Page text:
Janet Bloomfield | Thought Catalog | June 15, 2014
When Lara Stemple, a researcher at UCLA looked at the latest National Crime Victimization Survey, she was shocked to see that men experienced rape and sexual assault almost as frequently as women, and that women were often the perpetrators. Once the definition of rape was expanded to include more than just penetration, it became clear that men and women were equally likely to be raped, and more importantly, equally likely to be rapists. Researchers from the University of Missouri got the same results, finding that “43% of high school boys and young college men reported they had an unwanted sexual experience and of those, 95% said a female acquaintance was the aggressor.”
Researchers from the University of Missouri got the same results, finding that “43% of high school boys and young college men reported they had an unwanted sexual experience and of those, 95% said a female acquaintance was the aggressor.”
Sexual assault on college campuses and how that is handled has been all over the news lately, with even the President taking time to address the issue. But almost without exception, all the cases given as examples involve women as victims and men as perpetrators. Yet the survey and the confirmation from independent researchers indicates that men are often the victims and women the perpetrators.
So yes, let’s teach men what sexual consent means and how to obtain it. But let’s teach women that, too, because there are apparently a lot of women who do not understand the concept very well. Let’s teach men that women can be assailants and that they are under no obligation to accept or remain silent about unwanted sexual aggression from women. If consent is indeed “sexy”, then it needs to be applied equally. Current campaigns to encourage enthusiastic consent almost always target men, which is why I find them so irritating. It’s not the consent part that annoys me, it’s the fact that the campaigns imply that only men need to be certain they have on-going, enthusiastic agreement to sexual activity. This plays into the stereotype that men are little more than animals, willing to have sex at all times, with any willing or unwilling partner. I hope we can all agree that this is, indeed, a stereotype that is deeply insulting and dehumanizing. If we recast consent to include both men and women, we can accomplish two things simultaneously: we can get both men and women to understand that unwanted sexual behavior is assault whether it comes from men or women, and that women are equally capable of being the perpetrators.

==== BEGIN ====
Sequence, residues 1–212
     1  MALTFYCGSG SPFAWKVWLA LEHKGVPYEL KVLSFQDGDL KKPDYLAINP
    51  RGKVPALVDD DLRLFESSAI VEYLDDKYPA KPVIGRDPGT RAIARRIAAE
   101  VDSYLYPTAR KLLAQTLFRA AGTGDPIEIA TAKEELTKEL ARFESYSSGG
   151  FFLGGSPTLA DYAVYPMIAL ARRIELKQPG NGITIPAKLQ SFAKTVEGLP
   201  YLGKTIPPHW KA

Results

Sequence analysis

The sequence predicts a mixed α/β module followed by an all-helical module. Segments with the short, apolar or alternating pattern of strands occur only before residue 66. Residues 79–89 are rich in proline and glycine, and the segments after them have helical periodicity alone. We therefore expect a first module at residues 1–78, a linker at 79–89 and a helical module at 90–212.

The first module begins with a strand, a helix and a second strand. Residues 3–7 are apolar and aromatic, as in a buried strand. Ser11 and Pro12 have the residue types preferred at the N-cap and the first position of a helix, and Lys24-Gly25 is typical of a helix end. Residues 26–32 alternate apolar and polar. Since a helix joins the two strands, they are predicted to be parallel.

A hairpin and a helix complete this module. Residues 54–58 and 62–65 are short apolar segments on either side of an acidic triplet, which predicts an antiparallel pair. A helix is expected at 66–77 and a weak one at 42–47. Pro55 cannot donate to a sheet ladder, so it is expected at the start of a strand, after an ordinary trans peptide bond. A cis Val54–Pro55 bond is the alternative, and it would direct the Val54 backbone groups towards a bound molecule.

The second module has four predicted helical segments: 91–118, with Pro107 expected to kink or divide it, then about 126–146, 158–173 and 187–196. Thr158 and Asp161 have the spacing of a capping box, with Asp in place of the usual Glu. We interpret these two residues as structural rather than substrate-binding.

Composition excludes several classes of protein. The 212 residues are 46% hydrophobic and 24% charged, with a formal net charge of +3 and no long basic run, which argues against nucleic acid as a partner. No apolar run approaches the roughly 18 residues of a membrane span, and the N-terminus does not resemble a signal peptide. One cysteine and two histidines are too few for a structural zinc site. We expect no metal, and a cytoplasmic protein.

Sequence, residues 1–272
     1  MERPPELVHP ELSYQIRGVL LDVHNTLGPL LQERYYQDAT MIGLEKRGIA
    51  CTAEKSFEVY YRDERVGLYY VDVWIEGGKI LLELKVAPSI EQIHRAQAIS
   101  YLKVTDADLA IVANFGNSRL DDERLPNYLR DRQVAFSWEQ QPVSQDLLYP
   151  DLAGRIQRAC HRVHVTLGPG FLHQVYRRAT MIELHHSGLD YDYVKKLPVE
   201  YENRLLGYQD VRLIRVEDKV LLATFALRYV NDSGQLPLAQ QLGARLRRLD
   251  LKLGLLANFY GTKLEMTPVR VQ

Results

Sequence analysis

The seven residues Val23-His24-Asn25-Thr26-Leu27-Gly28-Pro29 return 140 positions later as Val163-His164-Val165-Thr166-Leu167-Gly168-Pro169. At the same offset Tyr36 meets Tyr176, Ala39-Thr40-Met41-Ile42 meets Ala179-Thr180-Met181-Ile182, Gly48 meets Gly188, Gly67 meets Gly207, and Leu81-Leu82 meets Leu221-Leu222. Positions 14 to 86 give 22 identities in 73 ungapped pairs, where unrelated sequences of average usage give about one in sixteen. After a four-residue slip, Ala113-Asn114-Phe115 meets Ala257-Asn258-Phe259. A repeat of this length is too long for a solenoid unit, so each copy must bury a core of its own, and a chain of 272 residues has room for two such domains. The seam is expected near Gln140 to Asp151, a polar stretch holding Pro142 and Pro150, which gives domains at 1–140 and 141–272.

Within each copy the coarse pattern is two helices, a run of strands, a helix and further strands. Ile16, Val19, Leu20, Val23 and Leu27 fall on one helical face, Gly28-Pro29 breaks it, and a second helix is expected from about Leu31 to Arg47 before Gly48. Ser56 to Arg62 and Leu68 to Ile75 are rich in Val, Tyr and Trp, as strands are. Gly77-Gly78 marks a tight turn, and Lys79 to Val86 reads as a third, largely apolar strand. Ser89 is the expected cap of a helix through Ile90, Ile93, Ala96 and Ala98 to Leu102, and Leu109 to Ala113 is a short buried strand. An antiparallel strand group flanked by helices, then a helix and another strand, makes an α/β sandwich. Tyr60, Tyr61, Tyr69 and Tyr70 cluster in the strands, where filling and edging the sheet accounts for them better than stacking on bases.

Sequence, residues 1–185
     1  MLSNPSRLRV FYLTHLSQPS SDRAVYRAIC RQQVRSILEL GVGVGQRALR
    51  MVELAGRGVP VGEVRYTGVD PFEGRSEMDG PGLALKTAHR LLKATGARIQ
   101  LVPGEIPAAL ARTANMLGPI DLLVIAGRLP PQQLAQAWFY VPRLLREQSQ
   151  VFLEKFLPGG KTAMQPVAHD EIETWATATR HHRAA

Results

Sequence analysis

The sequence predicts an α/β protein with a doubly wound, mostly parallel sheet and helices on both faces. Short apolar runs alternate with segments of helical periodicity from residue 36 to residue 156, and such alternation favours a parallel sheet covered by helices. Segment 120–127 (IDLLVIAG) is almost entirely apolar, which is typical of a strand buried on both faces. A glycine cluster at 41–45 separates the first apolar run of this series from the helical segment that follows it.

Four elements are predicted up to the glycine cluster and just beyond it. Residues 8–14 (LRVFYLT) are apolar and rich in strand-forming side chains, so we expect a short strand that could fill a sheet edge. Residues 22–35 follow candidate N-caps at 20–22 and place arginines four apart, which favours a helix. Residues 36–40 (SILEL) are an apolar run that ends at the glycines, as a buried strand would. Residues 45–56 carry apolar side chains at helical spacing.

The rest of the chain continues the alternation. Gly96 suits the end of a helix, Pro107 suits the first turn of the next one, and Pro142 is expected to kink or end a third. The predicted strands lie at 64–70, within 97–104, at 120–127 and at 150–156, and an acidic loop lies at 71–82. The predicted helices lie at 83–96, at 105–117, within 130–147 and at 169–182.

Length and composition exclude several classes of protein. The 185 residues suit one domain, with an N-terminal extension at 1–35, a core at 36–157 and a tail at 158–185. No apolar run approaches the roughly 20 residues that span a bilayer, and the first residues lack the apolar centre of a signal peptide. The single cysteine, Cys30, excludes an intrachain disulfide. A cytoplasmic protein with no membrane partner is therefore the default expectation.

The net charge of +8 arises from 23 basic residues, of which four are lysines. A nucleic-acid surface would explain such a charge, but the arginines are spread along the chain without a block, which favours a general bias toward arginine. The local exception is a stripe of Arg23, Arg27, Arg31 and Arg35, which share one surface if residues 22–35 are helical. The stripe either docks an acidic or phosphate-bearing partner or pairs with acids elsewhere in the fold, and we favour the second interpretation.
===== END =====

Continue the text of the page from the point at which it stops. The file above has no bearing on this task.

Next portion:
Given my previous column about men’s reproductive rights and the fact that they effectively do not have any, and can be forced into parenthood, it seems particularly compelling that we teach men to understand unwanted sexual behaviors from women as rape and assault because a rape that ends in a pregnancy can mean a lifetime of consequences for the man who was raped. He will still be liable for any child that results from the encounter, whether he participated willingly or not. Think that is a joke? It’s happening already. Women who become pregnant after statutory rape can and do sue the boys they raped for child support. When Jane Crane raped a 15 year old boy in Ohio, she was charged with a felony and awarded child support. From her victim. Even when the rape is more physically aggressive, the woman will still be awarded child support from the man she raped. Jessica Fuller aggressively raped Kris Bucher and was awarded support for the child that resulted.
How can women aggressively rape men? It’s very simple: men do not fight back because they will be the party arrested, as specified under the Violence Against Women Act, which has a mandatory arrest clause that almost always means the man will be arrested, no matter who the primary aggressor happened to be. A man who physically, violently resists unwanted sexual behaviors or any other physical attack from a woman will be arrested, and most men know that. That is why Solange felt perfectly safe slapping, kicking and punching Jay Z. If he lifted a finger in his own defense, he would be the one arrested.
Given that men have no reproductive rights, and given that men will be arrested if they physically resist unwanted sexual aggression from women, it is even more vital that we begin educating men about consent and victimization. But there is no point educating men if we are not going to educate women at the same time. A popular poster campaign suggests that we need to teach men not to rape. Well, okay. As long as we teach women not to rape, too. All rape is bad. No matter who the victim is, no matter who the assailant is. It’s not okay.
And we especially need to teach men that when it comes to being the victim of rape, they are the ones with the most to lose.
Janet Bloomfield blogs at JudgyBitch.com and is a regular contributor at A Voice for Men